Create a dedicated workspace.
One of the perks of working from home is writing while cosy on the couch or in bed, but it’s not conducive to a productive mindset. Your brain automatically equates your bed with sleep and your couch with relaxing, so one of the first things I’d recommend is setting up a dedicated workspace. Ideally, this would be a desk in an office or spare bedroom, but if you don’t have the extra space for your own desk, you can always make a spot at the kitchen table or counter. The important thing is to create a habitual workspace so that when you sit down, your brain knows it’s time to get to work.
Have the right tools nearby.
Writers are pretty much synonymous with pens and notebooks, so make sure you have a stash of both within reach. You should also have a pad of sticky notes, which are great for jotting down short ideas and important reminders that come out of nowhere. Keep a charging cable at your workspace too! You don’t want to end up cutting your writing session short just because your battery died on you. Having the right tools on hand ensures that you can sit down to write and avoid getting up every time you need something.
Decorate your walls.
If you have a wall next to your workspace, don’t be afraid to decorate it! Put up some art, print out your favourite motivational quotes, and or hang a string of lights. You can combine aesthetics with practicality by putting up a whiteboard or corkboard - perfect for brainstorming and keeping track of new ideas. By decorating the walls of your workspace, you’re creating a space that’s welcoming to work in.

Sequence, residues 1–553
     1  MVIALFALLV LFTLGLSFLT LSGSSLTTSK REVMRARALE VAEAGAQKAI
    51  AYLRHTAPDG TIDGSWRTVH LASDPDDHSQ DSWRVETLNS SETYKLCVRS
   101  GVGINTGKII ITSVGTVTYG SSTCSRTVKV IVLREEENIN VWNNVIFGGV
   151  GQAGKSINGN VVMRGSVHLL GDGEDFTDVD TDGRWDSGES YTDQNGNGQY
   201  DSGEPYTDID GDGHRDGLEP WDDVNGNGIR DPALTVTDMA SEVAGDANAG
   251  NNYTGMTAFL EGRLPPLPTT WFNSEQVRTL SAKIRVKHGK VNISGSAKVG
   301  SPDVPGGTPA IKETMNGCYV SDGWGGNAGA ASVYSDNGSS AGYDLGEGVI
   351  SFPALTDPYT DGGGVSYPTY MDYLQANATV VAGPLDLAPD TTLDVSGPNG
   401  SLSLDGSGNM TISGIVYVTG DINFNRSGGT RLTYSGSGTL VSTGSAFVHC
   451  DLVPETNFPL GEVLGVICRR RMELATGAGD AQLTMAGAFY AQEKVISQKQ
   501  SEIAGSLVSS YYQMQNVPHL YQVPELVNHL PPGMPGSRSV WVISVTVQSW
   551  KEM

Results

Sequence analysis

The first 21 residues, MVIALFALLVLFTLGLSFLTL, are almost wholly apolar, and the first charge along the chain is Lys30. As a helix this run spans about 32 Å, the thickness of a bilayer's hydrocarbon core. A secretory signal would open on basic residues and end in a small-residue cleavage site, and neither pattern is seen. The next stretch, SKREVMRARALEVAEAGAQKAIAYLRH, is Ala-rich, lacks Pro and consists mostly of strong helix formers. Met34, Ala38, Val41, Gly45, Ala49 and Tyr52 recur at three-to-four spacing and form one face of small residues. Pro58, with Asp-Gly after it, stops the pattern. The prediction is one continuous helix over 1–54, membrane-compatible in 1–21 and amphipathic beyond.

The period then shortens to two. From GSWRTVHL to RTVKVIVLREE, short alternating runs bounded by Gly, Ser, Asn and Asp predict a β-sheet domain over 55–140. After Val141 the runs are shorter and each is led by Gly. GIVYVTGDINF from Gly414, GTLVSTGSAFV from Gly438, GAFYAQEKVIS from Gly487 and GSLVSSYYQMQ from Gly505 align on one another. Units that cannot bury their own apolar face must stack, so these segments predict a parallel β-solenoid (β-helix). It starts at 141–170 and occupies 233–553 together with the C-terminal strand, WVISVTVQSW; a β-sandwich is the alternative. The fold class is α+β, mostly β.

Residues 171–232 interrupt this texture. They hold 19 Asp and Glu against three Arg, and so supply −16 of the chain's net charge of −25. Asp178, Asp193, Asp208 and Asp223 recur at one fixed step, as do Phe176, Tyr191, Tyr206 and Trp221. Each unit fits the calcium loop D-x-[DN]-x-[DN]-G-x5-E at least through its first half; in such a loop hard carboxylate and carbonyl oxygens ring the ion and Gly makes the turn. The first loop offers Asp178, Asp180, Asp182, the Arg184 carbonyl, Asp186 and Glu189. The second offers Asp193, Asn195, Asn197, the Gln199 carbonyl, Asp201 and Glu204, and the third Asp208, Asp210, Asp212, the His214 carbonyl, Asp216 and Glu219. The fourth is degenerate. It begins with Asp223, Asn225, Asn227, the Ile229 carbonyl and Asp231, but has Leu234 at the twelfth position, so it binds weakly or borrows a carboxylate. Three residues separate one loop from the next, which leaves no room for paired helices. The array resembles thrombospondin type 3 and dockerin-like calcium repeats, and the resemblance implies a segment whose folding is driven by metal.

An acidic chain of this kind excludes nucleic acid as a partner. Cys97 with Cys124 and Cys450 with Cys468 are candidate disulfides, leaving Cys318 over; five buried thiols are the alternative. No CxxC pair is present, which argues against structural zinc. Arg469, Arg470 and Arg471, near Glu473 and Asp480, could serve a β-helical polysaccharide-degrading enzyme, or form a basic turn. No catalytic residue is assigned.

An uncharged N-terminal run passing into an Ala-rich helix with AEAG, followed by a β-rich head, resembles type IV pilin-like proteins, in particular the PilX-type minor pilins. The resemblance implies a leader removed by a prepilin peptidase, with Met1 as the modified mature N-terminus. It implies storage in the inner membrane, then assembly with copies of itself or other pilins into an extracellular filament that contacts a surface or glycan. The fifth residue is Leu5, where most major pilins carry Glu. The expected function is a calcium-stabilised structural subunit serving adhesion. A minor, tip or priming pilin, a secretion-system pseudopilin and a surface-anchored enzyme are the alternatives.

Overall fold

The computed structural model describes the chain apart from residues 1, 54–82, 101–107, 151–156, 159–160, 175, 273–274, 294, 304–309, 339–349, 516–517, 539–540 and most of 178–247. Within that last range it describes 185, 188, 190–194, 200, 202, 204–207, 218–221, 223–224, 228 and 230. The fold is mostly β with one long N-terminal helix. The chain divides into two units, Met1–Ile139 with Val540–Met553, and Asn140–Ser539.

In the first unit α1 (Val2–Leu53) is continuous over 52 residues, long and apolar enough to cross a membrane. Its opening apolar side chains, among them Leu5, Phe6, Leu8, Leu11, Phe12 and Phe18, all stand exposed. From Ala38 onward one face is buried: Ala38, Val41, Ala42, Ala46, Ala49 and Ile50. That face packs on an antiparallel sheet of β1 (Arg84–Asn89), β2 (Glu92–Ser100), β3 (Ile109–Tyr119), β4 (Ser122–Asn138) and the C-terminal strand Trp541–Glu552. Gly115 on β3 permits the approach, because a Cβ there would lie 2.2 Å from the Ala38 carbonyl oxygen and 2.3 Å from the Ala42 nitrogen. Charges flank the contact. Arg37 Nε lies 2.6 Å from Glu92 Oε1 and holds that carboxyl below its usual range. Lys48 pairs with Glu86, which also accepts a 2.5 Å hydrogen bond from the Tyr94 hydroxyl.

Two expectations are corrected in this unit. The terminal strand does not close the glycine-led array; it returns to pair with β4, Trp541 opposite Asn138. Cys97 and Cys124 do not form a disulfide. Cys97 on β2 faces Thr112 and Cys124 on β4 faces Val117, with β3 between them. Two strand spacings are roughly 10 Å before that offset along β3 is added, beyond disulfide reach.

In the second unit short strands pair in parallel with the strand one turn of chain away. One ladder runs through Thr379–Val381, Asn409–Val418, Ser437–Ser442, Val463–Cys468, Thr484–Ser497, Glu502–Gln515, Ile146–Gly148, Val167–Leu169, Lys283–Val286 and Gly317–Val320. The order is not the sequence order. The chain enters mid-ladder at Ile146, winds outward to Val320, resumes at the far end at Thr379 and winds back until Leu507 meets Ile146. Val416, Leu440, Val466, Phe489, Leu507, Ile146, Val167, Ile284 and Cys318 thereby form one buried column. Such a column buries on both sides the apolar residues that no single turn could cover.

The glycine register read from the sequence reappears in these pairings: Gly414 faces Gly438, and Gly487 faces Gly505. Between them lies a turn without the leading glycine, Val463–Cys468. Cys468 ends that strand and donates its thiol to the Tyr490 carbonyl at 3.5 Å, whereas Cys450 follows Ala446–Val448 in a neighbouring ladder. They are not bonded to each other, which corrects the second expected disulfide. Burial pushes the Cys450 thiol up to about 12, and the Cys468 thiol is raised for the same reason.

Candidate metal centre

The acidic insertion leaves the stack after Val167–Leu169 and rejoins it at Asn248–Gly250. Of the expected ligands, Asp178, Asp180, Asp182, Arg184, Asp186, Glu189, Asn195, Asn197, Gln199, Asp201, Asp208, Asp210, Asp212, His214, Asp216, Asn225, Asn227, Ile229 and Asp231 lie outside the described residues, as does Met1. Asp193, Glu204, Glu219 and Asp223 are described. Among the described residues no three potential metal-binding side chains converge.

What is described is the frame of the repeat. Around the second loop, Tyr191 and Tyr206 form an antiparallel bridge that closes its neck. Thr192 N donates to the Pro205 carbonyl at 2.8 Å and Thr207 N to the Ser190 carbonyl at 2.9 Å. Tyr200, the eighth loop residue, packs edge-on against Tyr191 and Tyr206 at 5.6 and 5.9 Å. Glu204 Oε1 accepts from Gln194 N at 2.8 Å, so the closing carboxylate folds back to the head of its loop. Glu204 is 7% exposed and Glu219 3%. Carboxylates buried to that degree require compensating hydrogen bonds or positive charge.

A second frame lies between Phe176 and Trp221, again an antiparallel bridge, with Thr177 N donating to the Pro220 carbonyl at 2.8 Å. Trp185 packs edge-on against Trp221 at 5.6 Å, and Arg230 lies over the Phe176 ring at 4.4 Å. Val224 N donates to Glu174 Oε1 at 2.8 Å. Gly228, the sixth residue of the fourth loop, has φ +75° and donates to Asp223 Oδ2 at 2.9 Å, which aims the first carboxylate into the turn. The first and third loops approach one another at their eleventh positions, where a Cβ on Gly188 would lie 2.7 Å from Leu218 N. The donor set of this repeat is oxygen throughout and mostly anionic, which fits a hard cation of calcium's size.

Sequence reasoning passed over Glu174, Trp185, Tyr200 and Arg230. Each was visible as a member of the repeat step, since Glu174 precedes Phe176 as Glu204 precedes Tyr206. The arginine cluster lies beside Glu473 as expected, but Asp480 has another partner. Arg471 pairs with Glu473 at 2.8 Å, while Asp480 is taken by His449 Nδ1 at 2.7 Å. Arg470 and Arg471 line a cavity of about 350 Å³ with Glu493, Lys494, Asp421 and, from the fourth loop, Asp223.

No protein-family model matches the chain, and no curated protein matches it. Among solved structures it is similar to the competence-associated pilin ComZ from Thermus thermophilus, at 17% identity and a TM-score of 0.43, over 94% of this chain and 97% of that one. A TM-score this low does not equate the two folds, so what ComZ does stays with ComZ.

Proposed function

Invest in some plants.
Nothing livens up a space like, well, something alive! Houseplants add pops of colour in the home, but did you know that plants reduce stress and boost moods? Plants also help clean the air, which keeps you healthier overall. If you don’t have much luck keeping plants alive, you can always try cacti or succulents, which are hardier and don’t require much of a green thumb.
Follow your own suggestions.
If you don’t have much extra space, don’t care about decorating your walls, or can’t be bothered to get plants, that’s okay! Everyone’s ideal work environment will be a bit different. Take on whichever of my suggestions that you like, and then follow your own ideas for creating your workspace - even if the ideas are small or unusual.
Spend some time creating your ideal writing environment at home, and you’ll find the payoff in your writing productivity and output. A happier writing space and an extra few hundred words in a day are always worth it.